Review ~ Jessica: The Autobiography of an Infant

I was immediately intrigued by the premise of this book. As a mental health advocate and with first-hand experience as someone living with mental illness, I have a soft spot for memoirs involving psychology. The idea of someone being able to recall one’s own birth and infancy was something new I had not heard of, and it definitely piqued my interest.

Overall, I thoroughly enjoyed Von Ghlan’s memoir about Jessica. I found myself empathetic and  saddened by her anxiety and unique ways of seeking help — something I can definitely relate to. I also found myself cheering for her throughout her recovery and at each breakthrough. At the beginning of this story(and, in a way, joining Jessica on her journey into her own psyche), I was touched at how much Jessica’s first appointment reminded me of my own first attempt in therapy; I relived that anxious feeling of not knowing how to express myself.

There were a few parts, sparsely, that I found myself fighting to not skim through. One particular scene is most prominent in that aspect. It is an early scene that describes Jessica’s morning routine, down to eating breakfast, brushing her hair, moving quietly through the house. I somewhat understood, later on in reading, how this scene shows Jessica’s pre-therapy personality; but at that point in the story, I didn’t really feel like I understood or felt like I knew her well enough at that point to care (for lack of a better word) about being walked through every step she took. I felt like I was being lulled along by her backstory as a teenager until the part in which she went to the movies, came home, and didn’t not speak to anyone for several days.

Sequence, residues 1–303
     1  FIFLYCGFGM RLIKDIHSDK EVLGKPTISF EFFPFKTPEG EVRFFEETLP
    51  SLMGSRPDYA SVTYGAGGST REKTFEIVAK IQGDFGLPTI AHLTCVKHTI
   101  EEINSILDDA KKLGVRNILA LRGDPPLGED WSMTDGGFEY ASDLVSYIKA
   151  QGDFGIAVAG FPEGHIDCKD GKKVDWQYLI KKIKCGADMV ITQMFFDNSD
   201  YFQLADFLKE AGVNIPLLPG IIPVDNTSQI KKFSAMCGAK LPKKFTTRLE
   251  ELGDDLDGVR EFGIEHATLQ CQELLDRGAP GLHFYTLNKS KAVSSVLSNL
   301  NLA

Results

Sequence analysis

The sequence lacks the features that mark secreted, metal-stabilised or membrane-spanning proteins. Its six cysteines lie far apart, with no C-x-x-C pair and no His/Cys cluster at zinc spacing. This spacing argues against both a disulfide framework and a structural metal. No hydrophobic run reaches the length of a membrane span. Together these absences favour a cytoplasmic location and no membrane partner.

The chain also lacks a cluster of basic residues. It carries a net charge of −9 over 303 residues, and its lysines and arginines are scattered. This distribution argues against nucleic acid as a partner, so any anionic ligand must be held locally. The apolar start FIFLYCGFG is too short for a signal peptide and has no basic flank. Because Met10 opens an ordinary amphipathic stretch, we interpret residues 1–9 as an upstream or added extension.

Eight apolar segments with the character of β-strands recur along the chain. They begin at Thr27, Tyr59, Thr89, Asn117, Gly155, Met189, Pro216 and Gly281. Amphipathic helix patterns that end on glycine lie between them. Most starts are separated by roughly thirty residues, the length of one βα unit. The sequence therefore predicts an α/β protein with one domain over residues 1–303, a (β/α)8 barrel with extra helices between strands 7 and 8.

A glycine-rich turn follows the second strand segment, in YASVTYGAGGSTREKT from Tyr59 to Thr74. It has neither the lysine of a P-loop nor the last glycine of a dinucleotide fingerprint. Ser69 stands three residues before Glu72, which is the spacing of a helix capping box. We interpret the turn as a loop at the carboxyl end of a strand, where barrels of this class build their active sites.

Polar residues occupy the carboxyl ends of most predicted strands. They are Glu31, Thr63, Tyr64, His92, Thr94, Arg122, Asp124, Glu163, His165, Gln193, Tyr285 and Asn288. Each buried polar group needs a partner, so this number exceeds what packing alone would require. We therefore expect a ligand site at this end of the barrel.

In the end, however, I was glad to have picked up Von Glahn’s memoir. I am all too familiar with being on the other side of the psychology fence as a patient, so I enjoyed reading it from his point of view as the psychologist. His first-person POV felt genuine, and I discovered myself feeling and thinking some of the same things during Jessica’s therapy sessions — wishing I could shout at her, “Why?! What do you mean you don’t want your ‘me’ back!” or wanting to cry for her.

All in all, a very good read. I highly recommend Von Glahn’s memoir if you have any interest in psychology, whether as a patient or an expert.

You can check out Jeffrey Von Ghlan’s memoir on Amazon and Barnes and Noble!

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Rave Waves Radio Interview 1/10 @ 1PM EST/12PM CST

This Sunday, 1/10, I will be on Rave Waves Radio @ 1PM EST/12 PM CST to chat about my Contemporary Romance novel, Waiting for You. You can tweet your questions with hashtag #RRBCTagTeam2*4*5 and join in on the conversation! And, as always, feel free to tweet me @AlliW_writes!

http://www.blogtalkradio.com/ravereviewsbookclub

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Review Opportunity – Xpresso Book Tours

Review opportunity! (In other words, you get a free book. Who doesn’t love free books?)